Wordsbyjuni – most of us lived in the same house and had been making music together for so long prior to this that the chemistry and comfortability was easy to access. I moved from Montreal to Toronto about a year and a half ago now, and I wanted to experience that energy again, so I hit up all the homies and pitched the idea of a week long musical retreat. I don’t think there were any hard plans to make an EP going in to the cabin (although we’d made a couple squad tracks before), but once we were there it was clear it was the move.

What does music and being an artist mean to you? 

Half White Full Black – My music has always been a way for me to put my thoughts and emotions into something tangible. It’s usually a very raw and intimate experience that has to do with my identity/politically driven. With Saint Zenon I get to have a bit more fun. We give each other writing prompts so sometimes we end up writing about some kind of weird and wild shit that I would never think about writing about in my solo work. 

Wordsbyjuni – I view music as a way to understand myself and the world around me. It’s a way to access the subconscious and try and interpret it. Being an artist for me isn’t about fame or money (although both would be nice lol), but more about openly expressing myself

Claire Ridgely – making music makes me feel less alone. Whether it be during the creation of a song, surrounded by the homies, all working to make something together or once a song is released— there’s this connection, a shared experience with other people who can relate to the music and lyrics. It’s this special feeling of closeness and community that I think has a ripple effect. Hopefully the listener can feel like they’re a part of something. Personally, it’s an overwhelmingly positive experience to put a song out there in the world, into the hands of other people, straight from my heart.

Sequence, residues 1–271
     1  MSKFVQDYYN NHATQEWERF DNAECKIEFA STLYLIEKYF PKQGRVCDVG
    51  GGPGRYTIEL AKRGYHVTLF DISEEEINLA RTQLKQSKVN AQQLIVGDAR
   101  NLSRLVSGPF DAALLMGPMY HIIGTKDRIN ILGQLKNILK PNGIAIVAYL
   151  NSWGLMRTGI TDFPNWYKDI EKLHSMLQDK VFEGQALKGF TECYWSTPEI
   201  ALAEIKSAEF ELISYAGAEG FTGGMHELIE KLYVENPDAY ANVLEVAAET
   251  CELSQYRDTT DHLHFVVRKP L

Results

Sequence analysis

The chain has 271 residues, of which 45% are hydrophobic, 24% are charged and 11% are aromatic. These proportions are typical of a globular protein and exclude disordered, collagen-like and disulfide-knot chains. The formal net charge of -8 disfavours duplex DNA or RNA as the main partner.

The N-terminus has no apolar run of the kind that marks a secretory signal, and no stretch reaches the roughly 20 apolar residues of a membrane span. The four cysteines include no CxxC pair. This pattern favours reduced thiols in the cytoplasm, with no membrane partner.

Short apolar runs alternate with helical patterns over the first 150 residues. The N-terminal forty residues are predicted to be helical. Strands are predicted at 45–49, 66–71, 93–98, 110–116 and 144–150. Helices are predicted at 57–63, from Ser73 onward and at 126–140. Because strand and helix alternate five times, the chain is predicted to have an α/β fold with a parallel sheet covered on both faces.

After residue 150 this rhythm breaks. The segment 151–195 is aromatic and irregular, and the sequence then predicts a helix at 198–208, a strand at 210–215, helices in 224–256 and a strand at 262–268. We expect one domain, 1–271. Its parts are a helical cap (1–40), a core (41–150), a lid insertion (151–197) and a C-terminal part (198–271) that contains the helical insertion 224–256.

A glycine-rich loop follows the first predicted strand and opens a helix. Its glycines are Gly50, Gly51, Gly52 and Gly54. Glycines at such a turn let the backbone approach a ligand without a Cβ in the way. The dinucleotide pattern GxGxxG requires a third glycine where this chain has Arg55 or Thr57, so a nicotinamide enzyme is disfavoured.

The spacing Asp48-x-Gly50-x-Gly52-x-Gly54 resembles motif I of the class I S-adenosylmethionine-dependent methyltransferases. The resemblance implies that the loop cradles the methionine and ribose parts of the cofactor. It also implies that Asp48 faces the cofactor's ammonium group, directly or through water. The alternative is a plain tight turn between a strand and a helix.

What are some sources of inspiration for your lyrics and storytelling?

wordsbyjuni – I feel like it always comes down to experiences, whether lived or observed or imagined. I think imagination is probably the most valuable of the three. If you can create a genuine song from a completely fictional idea, the possibilities are endless

Matt – life and learning and being a person. most of the lyrics i make are journal entries about my life, but usually with humour

Who is an artist that you look up to more than others today?